Exemplary system embodiments of a Multi-Receiver Manager (MRM) may comprise: a control processing unit comprising a processor and addressable memory, and the control processing unit may be configured to: predict at least one variable from at least one receiver model; predict at least one variable from a plant model; and determine at least one target by an optimizer, where the determined at least one optimizer target may be based on the predicted at least one variable from the at least one receiver model and the predicted at least one variable from the plant model. In additional system embodiments, there may be at least one receiver model for each receiver in a concentrated solar power (CSP) plant or there may be one receiver model for each grouping of receivers, and where each grouping of receivers may be based on a geographical region. In additional system embodiments, the at least one variable from the at least one receiver model may comprise steam flow and output temperature; where the at least one variable from the plant model may comprise main steam header pressure, unit load, and feedwater temperature; where the at least one target by an optimizer may be a receiver throttle target and a superheater target; and where the determined optimizer targets may be based on the predicted steam flow and predicted output temperature of the at least one receiver model and the predicted main steam header pressure, predicted unit load, and predicted feedwater temperature of the plant model. In additional system embodiments, the predicted steam flow and output temperature from the at least one receiver model may be based on at least one manipulated variable and at least one disturbance variable, where the manipulated variables may comprise at least one of: throttle demand with bias and superheater ratio demand, and where the disturbance variables may comprise at least one of: Direct Normal Irradiance (DNI), wind speed, superheater vent valve position, main steam stop valve position, main steam header pressure, feedwater flow, and feedwater temperature. In additional system embodiments, the plant model may be further configured to predict throttle bias, and the determined optimizer targets may be further based on the predicted throttle bias. In additional system embodiments, the predicted main steam header pressure, unit load, feedwater temperature, and throttle bias from the plant model may be based on at least one manipulated variable and at least one disturbance variable, where the manipulated variables may comprise at least one of: feedwater heater valve position demand and steam turbine generator (STG) throttle demand, and the disturbance variables may comprise at least one of: dump condenser bypass valve position, deaerator pegging steam valve position, plant and main steam piping system drain valve position, main steam piping temperatures at various points in the piping network, main steam piping pressures at various points in the piping network, steam flow from each receiver, main steam header temperature, and steam turbine generator status. In additional system embodiments, the control processing unit may be further configured to predict a steam outlet pressure at each receiver by the predicted main steam header pressure via a recursive calculation of main steam piping pressures at various points in the piping network. In additional system embodiments, the optimizer may be further configured to determine a steam turbine generator throttle target and a feedwater heater inlet temperature target, and the determined optimizer targets for the steam turbine generator throttle and feedwater heater inlet temperature may be based on the predicted steam flow and predicted output temperature of the at least one receiver model and the predicted main steam header pressure, predicted unit load, and predicted feedwater temperature of the plant model. In additional system embodiments, the determined optimizer targets may be further based on at least one process constraint configured to be individually controlled by a user, and the at least one process constraint configured to be individually controlled by a user may be an upper limit and a lower limit of at least one of: a throttle control on each receiver, a superheater ratio control on each receiver, a steam turbine generator (STG) throttle, and a feedwater heater temperature control valve. In additional system embodiments, the determined optimizer targets may be further configured to minimize at least one of: plant startup time, plant water usage, and plant trips, and the plant trips may be due to at least one of: instability from cloud transients, plant upsets due to full load rejection of the turbine, and depletion of stored energy. In additional system embodiments, the at least one variable from the at least one receiver model may comprise heat transfer fluid flow and output temperature; where the at least one variable from the plant model may comprise heat transfer fluid pressure, unit load, and feedwater temperature; where the at least one target by an optimizer may be a receiver throttle target and a heat transfer fluid outlet target; and where the determined optimizer targets may be based on the predicted heat transfer fluid flow and predicted output temperature of the at least one receiver model and the predicted heat transfer fluid pressure, predicted unit load, and predicted receiver outlet temperature of the plant model. In additional system embodiments, the predicted heat transfer fluid flow and output temperature from the at least one receiver model may be based on at least one manipulated variable and at least one disturbance variable.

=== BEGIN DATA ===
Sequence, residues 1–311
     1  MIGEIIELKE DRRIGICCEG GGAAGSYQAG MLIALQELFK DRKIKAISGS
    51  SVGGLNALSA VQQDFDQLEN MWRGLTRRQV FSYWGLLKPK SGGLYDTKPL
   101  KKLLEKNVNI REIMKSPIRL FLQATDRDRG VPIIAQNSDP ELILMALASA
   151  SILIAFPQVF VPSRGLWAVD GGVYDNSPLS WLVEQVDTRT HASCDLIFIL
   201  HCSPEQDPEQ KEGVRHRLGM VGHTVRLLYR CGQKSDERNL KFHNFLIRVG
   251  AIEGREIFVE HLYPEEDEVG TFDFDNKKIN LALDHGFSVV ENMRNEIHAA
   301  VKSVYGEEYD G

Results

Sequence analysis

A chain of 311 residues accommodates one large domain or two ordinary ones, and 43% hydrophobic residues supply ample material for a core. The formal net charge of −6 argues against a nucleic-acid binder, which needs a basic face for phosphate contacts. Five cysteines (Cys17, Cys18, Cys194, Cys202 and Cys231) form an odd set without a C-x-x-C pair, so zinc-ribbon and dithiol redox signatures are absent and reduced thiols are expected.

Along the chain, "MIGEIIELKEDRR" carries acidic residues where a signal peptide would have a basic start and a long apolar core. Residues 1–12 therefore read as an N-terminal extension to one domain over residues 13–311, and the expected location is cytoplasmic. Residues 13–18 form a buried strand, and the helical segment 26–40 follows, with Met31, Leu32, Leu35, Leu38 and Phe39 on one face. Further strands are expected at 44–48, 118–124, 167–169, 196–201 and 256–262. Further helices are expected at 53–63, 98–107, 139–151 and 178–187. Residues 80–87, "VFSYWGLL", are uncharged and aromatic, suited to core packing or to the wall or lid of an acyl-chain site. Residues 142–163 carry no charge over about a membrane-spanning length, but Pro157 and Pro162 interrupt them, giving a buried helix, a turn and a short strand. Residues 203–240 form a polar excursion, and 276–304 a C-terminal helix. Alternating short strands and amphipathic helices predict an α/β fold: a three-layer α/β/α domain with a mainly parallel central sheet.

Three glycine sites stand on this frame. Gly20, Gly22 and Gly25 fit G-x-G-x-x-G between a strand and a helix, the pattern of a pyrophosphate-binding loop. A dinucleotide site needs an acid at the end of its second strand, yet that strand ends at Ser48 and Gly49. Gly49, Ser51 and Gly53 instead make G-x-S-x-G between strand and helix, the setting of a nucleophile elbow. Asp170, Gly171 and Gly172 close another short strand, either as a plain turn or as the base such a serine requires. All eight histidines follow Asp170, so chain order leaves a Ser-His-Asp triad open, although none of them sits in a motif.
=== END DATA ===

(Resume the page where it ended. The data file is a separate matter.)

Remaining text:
Additional exemplary system embodiments may comprise a Multi-Receiver Manager (MRM) for a power generating plant with multiple solar receivers that may comprise: a control processing unit comprising a processor and addressable memory; where the control processing unit may be configured to: receive a command to initiate an operating scenario; and activate an operating scenario based on the received command, where the operating scenario may be at least one of: a plant startup, a plant running operation, and a plant shutdown. In additional system embodiments, the plant startup operating scenario may comprise commands by the control processing unit to: bias steam demand to at least one of the solar receivers; control overall throttle demand to match plant demand; and sequence a startup of the solar receivers, where the sequenced startup may be based on a production of steam of an acceptable quality and quantity from the biased steam demand and controlled overall throttle demand. In additional system embodiments, the plant running operation may comprise commands by the control processing unit to: determine targets for throttle demand; determine targets for superheater temperature; determine targets for main steam header pressure; determine targets for load demand; and manage upsets based on the determined targets for throttle demand, the determined targets for superheater temperature, the determined targets for main steam header pressure, and the determined targets for load demand. In additional system embodiments, the plant running operation may comprise commands by the control processing unit to: determine targets for throttle demand; determine targets for heat transfer fluid outlet temperature; determine targets for heat transfer fluid pressure; determine targets for load demand; and manage upsets based on the determined targets for throttle demand, the determined targets for heat transfer fluid temperature, the determined targets for heat transfer fluid pressure, and the determined targets for load demand. In additional system embodiments, the upsets may be due to at least one of: a loss of one or more components of the plant, a load rejection, and a cloud transient. In additional system embodiments, the plant shutdown operation may comprise commands by the control processing unit to: reduce feedwater temperature targets; reduce main steam header pressure targets; and sequence a shutdown of the solar receivers, where the sequenced shutdown may be based on an exhaustion of energy in the plant from the reduced feedwater temperature targets and the reduced main steam header pressure targets. In additional system embodiments, the plant shutdown operation may comprise commands by the control processing unit to: reduce heat transfer fluid temperature targets; reduce heat transfer fluid pressure targets; and sequence a shutdown of the solar receivers, where the sequenced shutdown may be based on an exhaustion of energy in the plant from the reduced heat transfer fluid outlet temperature targets and the reduced heat transfer fluid pressure targets.